Elegance Bratton‘s extremely impressive debut feature “The Inspection” is a somewhat harrowing tale of an out gay man being forced back into the closet. 25-year-old African /American Ellis French (Jeremy Pope) is both homeless and friendless and was only 14 years when he was disowned by his conservative religious and sanctimonious mother (Gabrielle Union)
The year is 2005 and the ‘Don’t Ask Don’t Tell Law’ is still being enforced, but French (as he is known) signs up to join the Marines, the toughest branch of the Armed Services. This self-imposed decision is part of a need to suppress his sexual desires and become more of a man that can fit into society’s expectations.
We’ve seen enough media to know that getting through basic training is probably the roughest thing that these raw recruits will ever have to face in their lives. It’s simply a system of unfettered bullying by power-hungry NCOs who impose a regime of sheer terror that they claim sorts out the maen from the boys. Although one accepts that all of them must be trained for the rigors of way they will most likely face, however, the sheer cruelty of how they are physically and mentally treated is still very hard to watch let alone actually undertake.
Knowing that The Inspection is based on the filmmaker’s own life not only adds such authenticity but scares us more knowing that this inhumane treatment is very real indeed.
Serving in any of the Armed Services has always been touted as one of the most testosterone-packed lifestyles which are only suitable for the most masculine of men. Society has always assumed that it is impossible for men to be ultra-masculine and homosexual too. This is part of the ignorance that leads to gay recruits being far more brutally treated than their straight colleagues, and what is even worse, as in this case are encouraged, to physically abuse any gay men in their ranks.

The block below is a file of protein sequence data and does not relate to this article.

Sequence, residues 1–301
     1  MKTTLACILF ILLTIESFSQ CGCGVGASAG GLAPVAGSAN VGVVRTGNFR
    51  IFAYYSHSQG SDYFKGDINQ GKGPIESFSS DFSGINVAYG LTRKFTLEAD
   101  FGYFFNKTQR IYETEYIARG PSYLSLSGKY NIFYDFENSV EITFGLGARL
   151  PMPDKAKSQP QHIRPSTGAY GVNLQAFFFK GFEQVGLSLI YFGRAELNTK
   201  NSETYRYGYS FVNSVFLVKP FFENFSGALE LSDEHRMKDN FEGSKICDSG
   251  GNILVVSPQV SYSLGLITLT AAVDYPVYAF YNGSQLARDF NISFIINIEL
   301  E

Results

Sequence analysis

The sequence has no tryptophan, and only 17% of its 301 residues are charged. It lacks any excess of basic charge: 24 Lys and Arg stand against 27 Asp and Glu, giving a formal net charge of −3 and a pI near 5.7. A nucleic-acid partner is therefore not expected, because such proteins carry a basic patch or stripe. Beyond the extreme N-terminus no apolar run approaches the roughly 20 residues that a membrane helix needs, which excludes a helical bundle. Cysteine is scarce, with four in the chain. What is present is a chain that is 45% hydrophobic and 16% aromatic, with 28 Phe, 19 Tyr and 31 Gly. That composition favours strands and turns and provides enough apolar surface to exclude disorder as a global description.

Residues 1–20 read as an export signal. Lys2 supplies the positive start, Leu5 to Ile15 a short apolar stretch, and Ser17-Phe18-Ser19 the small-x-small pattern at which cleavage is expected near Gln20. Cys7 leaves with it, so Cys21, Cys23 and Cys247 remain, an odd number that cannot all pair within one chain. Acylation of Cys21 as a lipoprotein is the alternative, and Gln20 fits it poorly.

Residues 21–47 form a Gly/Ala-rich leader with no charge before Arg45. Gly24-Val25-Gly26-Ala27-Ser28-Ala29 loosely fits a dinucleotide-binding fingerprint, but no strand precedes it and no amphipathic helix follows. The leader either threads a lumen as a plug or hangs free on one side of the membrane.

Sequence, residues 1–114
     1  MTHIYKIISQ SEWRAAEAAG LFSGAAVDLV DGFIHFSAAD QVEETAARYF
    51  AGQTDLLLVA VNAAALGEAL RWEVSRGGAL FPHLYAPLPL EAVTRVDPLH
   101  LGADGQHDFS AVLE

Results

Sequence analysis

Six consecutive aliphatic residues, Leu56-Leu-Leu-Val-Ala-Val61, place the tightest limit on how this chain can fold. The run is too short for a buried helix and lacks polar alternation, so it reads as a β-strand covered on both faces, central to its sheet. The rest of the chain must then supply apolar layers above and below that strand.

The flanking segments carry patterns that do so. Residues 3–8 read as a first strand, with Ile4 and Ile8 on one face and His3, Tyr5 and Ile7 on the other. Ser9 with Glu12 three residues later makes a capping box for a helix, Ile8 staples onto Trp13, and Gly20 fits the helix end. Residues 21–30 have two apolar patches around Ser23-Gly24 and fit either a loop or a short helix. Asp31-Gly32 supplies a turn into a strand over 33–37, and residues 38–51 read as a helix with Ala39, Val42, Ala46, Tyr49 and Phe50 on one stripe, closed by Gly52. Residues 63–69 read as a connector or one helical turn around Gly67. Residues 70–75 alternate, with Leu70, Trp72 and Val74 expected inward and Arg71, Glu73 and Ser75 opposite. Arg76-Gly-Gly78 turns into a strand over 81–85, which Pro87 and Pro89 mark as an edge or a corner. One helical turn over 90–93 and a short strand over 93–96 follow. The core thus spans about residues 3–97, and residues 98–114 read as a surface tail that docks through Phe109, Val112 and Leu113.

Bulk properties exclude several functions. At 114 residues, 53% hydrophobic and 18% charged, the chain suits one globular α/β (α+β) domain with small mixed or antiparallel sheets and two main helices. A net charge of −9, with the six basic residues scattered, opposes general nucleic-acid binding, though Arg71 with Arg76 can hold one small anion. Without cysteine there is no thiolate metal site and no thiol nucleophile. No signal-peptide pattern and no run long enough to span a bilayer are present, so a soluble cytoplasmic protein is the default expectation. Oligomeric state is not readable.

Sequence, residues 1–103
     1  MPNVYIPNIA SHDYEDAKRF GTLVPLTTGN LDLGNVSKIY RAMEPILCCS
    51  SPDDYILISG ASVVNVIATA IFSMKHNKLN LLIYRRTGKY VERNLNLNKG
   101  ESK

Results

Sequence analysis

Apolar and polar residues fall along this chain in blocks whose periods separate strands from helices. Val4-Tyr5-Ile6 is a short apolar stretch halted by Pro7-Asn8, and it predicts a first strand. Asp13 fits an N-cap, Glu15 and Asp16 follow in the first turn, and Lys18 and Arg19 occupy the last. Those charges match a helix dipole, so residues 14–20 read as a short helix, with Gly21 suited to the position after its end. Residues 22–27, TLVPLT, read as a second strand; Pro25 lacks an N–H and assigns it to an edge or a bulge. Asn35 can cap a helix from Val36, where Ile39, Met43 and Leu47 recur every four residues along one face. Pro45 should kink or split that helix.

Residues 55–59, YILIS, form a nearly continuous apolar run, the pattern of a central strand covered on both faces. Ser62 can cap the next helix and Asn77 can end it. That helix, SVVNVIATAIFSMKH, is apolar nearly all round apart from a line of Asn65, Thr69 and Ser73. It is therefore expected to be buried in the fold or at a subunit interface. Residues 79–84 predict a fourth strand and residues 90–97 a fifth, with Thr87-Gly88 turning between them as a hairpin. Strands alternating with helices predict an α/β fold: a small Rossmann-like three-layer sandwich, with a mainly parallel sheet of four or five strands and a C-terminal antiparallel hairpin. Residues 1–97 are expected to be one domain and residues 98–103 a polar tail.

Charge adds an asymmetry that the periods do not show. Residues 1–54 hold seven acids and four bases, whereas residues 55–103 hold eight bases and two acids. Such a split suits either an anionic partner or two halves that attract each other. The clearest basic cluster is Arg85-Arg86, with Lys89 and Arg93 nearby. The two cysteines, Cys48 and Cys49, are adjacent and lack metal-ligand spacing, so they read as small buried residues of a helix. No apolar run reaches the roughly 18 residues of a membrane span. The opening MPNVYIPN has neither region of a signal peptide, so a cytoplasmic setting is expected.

It has always appeared that the Armed Services act diametrically opposed to the rest of society. Where the latter encourages individuality and an independent spirit, the Marines want to break that spirit and create soldiers who will follow every order to the letter without hesitation.
However, the drama in The Inspection unfolds at a slower rate than one would expect, and although this story of rampant homophobia is major, Bratton neatly avoids turning it into a melodrama. It has its homoerotic moments, and for some reason, we were uncomfortable with a scene when all the results were in their own beads very noisily pleasuring themselves.
The film worked so well because of the career-defining performance of two-time Tony-nominated openly gay Jeremy Pope. It was compelling highly nuanced and perfectly pitched. We wouldn’t be surprised to see his name on several lists of Award nominees this season.
Kudos to Bokeem Woodbine for his convincing scary performance as Staff Sargent Laws. Plus Gabrielle Union is French’s mother who is in the opening and closing scenes of the film. Her spot-on performance as the angry and self-righteous mother will resound with so many other queer people who also had to go through similarly hurtful comings-out.
The film itself is a kind of sequel to Brattan’s heartbreaking doc Pier Kids who are queer kids living rough on the Streets exactly like he did when his own mother threw him out. Both of his films make such valuable contributions to LGBTQ+ history
The last word must go to the sympathetic Sergeant who told French “If we got rid of every gay man in the military, there would be no military,”
PS A24 Films are releasing THE INSPECTION in US movie theatres on Nov 18th 2022
Review : Roger Walker-Dack
Editor in Chief : Queerguru Member of G.A.L.E.C.A. (Gay & Lesbian Entertainment Critics Association) and NLGJA The Association of LGBT Journalists. and The Online Film Critics Society. Ex Contributung Editor The Gay Uk &Contributor Edge Media Former CEO and Menswear Designer of Roger Dack Ltd in the UK one of the hardest-working journalists in the business' Michael Goff of Towleroad